With regards to added sugars, an analysis of the National Health and Nutrition Examination Survey found that added sugars were associated with a greater risk for CVD mortality; however, the greater increase was particularly evident in the very high quintiles of consumption,
      • Yang Q.
      • Zhang Z.
      • Gregg E.W.
      • Flanders W.D.
      • Merritt R.
      • Hu F.B.
      Added sugar intake and cardiovascular diseases mortality among US adults.
      suggesting that unless they reach a large proportion of daily caloric intake, dietary added sugars could be relatively safe, at least from a CVD mortality standpoint.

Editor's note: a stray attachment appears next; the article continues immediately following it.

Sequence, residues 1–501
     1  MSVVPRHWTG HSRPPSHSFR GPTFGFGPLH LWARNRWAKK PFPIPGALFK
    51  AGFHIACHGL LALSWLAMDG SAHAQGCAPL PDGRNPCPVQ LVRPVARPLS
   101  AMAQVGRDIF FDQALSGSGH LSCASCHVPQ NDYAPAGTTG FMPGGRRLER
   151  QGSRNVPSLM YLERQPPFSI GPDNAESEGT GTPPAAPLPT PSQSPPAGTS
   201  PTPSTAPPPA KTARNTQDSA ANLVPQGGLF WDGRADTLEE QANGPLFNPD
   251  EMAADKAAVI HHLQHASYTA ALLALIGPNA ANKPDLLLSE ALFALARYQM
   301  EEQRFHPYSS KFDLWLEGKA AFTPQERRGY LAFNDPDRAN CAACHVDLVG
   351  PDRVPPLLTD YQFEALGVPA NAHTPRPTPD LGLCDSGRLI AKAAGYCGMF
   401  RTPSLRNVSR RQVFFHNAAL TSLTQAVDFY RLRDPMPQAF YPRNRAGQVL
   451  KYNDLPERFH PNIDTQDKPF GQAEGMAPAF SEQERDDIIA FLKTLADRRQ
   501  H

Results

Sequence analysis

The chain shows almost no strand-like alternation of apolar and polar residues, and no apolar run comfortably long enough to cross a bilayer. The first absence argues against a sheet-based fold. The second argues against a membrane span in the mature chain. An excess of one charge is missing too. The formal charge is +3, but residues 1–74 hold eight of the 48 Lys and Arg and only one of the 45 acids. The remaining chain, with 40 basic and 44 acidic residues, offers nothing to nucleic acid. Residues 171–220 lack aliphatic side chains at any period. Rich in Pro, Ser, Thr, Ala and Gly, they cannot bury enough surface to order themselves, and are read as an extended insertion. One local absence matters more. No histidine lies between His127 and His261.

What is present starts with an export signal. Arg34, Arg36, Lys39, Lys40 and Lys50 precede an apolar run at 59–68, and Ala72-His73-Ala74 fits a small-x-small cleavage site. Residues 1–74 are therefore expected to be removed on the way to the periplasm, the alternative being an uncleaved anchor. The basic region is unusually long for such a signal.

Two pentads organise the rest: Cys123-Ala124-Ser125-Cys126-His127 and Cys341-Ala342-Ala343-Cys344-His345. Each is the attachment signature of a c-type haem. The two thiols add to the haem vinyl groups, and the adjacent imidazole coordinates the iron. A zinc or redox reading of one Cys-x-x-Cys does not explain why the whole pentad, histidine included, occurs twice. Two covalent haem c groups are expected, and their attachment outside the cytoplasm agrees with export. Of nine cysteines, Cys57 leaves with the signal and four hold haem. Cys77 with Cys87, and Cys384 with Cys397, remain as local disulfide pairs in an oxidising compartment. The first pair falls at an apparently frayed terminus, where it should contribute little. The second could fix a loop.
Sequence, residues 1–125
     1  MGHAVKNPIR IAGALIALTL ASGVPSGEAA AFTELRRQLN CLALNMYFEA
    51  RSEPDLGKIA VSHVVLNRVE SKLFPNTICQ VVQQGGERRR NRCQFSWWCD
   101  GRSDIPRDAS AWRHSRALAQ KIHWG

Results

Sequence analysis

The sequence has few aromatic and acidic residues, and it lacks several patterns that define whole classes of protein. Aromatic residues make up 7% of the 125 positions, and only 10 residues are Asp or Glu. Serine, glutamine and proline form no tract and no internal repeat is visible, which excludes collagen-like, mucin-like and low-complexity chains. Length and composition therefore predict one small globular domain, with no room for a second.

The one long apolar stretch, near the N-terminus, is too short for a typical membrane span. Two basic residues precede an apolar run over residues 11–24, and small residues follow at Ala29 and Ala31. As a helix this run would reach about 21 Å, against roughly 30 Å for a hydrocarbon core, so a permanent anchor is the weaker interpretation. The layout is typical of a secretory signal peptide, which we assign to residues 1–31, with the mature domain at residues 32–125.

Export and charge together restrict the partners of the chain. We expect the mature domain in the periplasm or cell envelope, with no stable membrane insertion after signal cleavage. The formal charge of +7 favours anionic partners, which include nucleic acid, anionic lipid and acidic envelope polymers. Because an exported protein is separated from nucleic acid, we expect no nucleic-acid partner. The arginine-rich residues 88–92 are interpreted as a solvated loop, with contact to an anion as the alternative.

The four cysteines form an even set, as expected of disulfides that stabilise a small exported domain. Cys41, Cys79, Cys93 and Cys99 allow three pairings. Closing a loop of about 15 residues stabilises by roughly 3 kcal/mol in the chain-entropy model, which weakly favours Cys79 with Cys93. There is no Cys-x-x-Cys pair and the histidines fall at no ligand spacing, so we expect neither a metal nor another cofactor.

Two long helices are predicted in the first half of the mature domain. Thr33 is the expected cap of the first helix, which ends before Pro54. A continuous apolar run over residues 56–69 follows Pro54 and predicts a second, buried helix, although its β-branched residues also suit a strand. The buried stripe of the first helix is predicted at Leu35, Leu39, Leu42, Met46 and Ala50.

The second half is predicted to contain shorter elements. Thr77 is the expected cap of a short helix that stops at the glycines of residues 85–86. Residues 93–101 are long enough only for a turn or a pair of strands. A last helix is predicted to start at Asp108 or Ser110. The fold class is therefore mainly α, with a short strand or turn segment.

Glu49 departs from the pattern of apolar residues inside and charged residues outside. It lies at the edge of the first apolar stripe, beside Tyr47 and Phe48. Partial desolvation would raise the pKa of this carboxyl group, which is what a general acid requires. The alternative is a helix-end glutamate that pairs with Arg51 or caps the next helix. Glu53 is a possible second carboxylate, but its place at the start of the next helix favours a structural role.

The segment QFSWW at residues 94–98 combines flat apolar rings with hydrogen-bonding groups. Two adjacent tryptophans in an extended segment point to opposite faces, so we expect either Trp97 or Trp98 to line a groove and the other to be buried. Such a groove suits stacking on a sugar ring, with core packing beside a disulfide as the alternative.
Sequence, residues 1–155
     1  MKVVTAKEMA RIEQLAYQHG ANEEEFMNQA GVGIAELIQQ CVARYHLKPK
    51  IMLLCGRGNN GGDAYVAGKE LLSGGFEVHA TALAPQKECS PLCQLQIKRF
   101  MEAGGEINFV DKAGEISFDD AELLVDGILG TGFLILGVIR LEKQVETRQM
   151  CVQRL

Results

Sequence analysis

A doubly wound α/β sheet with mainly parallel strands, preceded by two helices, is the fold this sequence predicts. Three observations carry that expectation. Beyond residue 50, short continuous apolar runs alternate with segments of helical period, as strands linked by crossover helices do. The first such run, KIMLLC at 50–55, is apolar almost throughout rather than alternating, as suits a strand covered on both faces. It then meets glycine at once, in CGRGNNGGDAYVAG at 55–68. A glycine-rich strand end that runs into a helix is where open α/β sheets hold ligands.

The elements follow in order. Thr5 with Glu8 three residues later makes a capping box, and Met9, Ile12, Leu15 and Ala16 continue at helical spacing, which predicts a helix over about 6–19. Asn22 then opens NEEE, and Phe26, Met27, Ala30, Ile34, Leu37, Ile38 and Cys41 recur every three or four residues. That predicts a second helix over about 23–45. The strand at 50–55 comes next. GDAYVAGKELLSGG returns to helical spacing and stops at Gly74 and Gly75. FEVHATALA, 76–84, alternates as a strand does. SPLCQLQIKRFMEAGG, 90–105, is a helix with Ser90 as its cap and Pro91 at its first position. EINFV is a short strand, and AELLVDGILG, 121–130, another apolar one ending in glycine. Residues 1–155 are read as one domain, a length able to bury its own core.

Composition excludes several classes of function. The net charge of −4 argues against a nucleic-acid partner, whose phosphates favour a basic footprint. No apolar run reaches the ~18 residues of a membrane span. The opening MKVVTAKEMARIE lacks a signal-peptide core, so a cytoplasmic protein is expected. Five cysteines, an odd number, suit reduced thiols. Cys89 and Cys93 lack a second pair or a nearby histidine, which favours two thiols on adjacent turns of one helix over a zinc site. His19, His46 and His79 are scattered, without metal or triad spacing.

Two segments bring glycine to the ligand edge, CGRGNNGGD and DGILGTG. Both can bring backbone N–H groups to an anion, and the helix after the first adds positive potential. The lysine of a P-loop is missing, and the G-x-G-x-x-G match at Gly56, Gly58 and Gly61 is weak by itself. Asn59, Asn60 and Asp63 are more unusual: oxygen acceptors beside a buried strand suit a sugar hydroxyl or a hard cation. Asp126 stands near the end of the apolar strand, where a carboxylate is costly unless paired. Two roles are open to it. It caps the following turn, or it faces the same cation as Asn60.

The lack of appropriately powered randomized controlled trials investigating the effects of such macronutrients on CHD, CVD in general, and CVD-related mortality remains a major concern. Pharmacologic strategies undergo rigorous CV outcomes trials, an approach that is highly encouraged but seldom used in nutrition research.
      • Ludwig D.S.
      • Ebbeling C.B.
      • Heymsfield S.B.
      Improving the quality of dietary research.
      This methodology would allow the identification of a harm threshold for sugars consumption, if one exists. The American Heart Association
      • Johnson R.K.
      • Appel L.J.
      • Brands M.
      • et al.
      Dietary sugars intake and cardiovascular health: a scientific statement from the American Heart Association.
      as well as the World Health Organization
      • World Health Organization
      Guideline: Sugars intake for adults and children.